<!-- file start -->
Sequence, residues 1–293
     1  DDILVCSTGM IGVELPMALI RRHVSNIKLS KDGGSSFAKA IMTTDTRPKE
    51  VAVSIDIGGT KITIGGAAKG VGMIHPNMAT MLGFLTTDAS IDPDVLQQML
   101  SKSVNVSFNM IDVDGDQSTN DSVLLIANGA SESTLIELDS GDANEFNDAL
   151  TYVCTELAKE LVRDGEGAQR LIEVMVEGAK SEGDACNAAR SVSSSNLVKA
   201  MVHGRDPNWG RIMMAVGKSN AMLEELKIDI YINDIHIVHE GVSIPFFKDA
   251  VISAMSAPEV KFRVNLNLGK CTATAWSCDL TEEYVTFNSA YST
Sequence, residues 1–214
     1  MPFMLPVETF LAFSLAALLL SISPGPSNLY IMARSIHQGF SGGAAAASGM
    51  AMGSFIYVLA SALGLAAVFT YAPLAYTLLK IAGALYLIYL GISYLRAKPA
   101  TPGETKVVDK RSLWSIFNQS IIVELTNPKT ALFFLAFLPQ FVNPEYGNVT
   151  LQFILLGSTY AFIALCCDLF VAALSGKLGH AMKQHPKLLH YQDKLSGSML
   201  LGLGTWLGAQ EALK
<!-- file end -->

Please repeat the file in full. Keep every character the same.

Sequence, residues 1–293
     1  DDILVCSTGM IGVELPMALI RRHVSNIKLS KDGGSSFAKA IMTTDTRPKE
    51  VAVSIDIGGT KITIGGAAKG VGMIHPNMAT MLGFLTTDAS IDPDVLQQML
   101  SKSVNVSFNM IDVDGDQSTN DSVLLIANGA SESTLIELDS GDANEFNDAL
   151  TYVCTELAKE LVRDGEGAQR LIEVMVEGAK SEGDACNAAR SVSSSNLVKA
   201  MVHGRDPNWG RIMMAVGKSN AMLEELKIDI YINDIHIVHE GVSIPFFKDA
   251  VISAMSAPEV KFRVNLNLGK CTATAWSCDL TEEYVTFNSA YST
Sequence, residues 1–214
     1  MPFMLPVETF LAFSLAALLL SISPGPSNLY IMARSIHQGF SGGAAAASGM
    51  AMGSFIYVLA SALGLAAVFT YAPLAYTLLK IAGALYLIYL GISYLRAKPA
   101  TPGETKVVDK RSLWSIFNQS IIVELTNPKT ALFFLAFLPQ FVNPEYGNVT
   151  LQFILLGSTY AFIALCCDLF VAALSGKLGH AMKQHPKLLH YQDKLSGSML
   201  LGLGTWLGAQ EALK